The CV part of the file path and the beginning of the name (cvs)
The If function
Probably one of the most used functions in excel
Syntax is =if(logical test1, then true value, else false value)
The concatenate function
Lets you “weld” together a strings of text strings
Syntax is =concatenate(text field1, text field 2, etc)
The left function
This lets you decide which characters you wish to display
Syntax is =left(text field, number of characters from start)
The hyperlink function
A beauty of a function this lets you turn text into a hyperlink and give it a human readable name
Syntax is =hyperlink(hyperlink text, human readable name)
Last, but not least, I have frozen the summary and report tabs so that you can’t scroll away from that information. (thanks to Rob Henson – robhenson, a member of experts exchange for showing me this one)
So if the first line in the spreadsheet (raw tab) looks like this:
I use the following formula in the summary tab to generate a unique link to the file(s):
IF('raw data'!F2=1 - If the statement is true and there is a number 1 in the field (indicating that the item was responded to and a corresponding file was saved) then
HYPERLINK( - create a hyperlink to the file
CONCATENATE( - by putting together the following text
path_start – the fixed part of the path to the file
surveys – the part of the file path that indicates that it is in the survey directory and the beginning of the name of the file that indicates it is a survey (“\Surveys\Survey_”).
Table4[@LNAME] – the last name of the researcher
“,” – a comma
LEFT(Table4[@FNAME],1) – the first letter of the first name of the researcher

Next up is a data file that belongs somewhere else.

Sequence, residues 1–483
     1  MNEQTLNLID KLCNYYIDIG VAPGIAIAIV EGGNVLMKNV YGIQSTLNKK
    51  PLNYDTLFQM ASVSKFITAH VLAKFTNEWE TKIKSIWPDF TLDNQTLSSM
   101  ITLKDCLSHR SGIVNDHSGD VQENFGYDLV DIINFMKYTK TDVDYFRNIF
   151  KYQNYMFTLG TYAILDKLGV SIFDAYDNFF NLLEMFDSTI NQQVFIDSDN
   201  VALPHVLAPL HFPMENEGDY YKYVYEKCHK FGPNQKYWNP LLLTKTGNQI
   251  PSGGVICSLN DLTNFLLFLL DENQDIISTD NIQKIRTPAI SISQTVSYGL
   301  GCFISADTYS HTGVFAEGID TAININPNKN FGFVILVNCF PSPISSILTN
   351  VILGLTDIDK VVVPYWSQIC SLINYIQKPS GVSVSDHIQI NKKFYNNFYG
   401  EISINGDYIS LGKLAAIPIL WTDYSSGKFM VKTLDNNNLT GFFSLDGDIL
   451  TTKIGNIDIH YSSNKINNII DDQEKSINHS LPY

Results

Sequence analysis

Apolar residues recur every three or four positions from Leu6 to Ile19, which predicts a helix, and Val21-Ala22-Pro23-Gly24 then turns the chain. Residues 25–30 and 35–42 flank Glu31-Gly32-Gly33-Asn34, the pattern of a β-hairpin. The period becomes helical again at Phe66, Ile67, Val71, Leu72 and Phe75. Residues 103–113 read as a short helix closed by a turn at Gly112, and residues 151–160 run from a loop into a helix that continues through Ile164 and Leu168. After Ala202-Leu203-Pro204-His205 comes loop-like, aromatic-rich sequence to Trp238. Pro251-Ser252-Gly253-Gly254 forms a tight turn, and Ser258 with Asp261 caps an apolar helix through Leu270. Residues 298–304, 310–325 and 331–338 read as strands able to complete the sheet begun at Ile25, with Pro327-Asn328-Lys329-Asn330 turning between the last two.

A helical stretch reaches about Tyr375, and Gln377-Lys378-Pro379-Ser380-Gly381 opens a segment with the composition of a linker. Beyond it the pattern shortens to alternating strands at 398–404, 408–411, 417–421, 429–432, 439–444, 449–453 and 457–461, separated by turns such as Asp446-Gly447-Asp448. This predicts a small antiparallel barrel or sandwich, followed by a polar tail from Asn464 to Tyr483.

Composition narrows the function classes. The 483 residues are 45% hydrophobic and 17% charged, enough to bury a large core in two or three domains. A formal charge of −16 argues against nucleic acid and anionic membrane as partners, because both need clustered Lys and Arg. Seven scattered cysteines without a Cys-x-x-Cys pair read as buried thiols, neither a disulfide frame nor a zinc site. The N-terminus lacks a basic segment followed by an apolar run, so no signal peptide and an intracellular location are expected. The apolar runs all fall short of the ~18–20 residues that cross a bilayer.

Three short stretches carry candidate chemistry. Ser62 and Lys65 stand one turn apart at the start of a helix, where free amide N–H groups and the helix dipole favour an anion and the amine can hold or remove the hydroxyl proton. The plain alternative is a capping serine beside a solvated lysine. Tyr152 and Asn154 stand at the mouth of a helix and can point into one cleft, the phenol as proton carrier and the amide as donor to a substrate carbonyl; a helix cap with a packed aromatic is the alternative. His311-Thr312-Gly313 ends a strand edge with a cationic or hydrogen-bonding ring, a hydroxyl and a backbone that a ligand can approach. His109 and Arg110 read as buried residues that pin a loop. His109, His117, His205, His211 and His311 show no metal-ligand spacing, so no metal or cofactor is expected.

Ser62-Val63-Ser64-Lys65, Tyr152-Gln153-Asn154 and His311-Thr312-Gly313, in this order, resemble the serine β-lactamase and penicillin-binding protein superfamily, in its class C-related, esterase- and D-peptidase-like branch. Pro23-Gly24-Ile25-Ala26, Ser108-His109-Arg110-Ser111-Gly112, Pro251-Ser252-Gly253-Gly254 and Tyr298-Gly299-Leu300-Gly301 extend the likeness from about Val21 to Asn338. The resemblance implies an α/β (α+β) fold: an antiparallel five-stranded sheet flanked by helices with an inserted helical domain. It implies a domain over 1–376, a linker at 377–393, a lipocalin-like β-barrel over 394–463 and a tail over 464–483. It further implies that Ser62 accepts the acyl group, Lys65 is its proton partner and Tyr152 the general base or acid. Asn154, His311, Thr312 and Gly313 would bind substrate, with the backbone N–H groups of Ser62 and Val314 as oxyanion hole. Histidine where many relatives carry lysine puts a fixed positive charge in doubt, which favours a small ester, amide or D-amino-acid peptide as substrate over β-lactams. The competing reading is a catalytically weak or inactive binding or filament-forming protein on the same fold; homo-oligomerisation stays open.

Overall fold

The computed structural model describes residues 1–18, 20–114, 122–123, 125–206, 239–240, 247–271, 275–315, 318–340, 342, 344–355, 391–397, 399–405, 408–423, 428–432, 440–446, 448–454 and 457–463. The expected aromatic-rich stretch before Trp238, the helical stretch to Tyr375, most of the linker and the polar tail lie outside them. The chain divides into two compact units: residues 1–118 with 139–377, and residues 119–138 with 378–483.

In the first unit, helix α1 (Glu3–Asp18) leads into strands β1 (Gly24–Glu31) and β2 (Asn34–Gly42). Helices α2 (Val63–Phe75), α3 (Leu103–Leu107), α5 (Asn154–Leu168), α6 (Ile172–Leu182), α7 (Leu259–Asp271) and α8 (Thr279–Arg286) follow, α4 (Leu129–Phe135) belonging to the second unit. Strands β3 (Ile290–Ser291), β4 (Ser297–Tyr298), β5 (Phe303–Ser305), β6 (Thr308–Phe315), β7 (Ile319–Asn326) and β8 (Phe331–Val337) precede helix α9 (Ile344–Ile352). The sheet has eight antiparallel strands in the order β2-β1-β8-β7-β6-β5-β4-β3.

Table4[@[resp month]] – the month that the person’s response was received
" " - space
Table4[@[resp day]] – the day the response was received
“ “ - space
Table4[@[resp year]] – the year the response was received
Pdf – the named range/cell representing the ending “.pdf”
Friendly name – the name you use when seeing the text
Else if there is not a “1” in the cell (the statement if false) display nothing
Now all this can be done fairly easily with VBA scripting, but why bother when Excel gives you this ability without having to learn any real coding at all.
So what can you do now?
I have linked to the spreadsheet below. You are of course welcome to use any part or all of it to suit your own needs. By entering simple data into the raw data tab, the rest of the tabs are automatically populated. For your own needs I HIGHLY recommend first creating a link by doing the following:
Right click on a field
browse to find your document
Click okay or press enter
Then hover your mouse over the link to see how it is formatted. This is how I noticed that Excel was formatting my links to network files as "file:///\\<network drive>\<share>\<folders>\<file>".
If you are interested in my other article on MS Excel and scripting it with outlook for mailmerge, you can find it here. You can find all my articles on my profile page.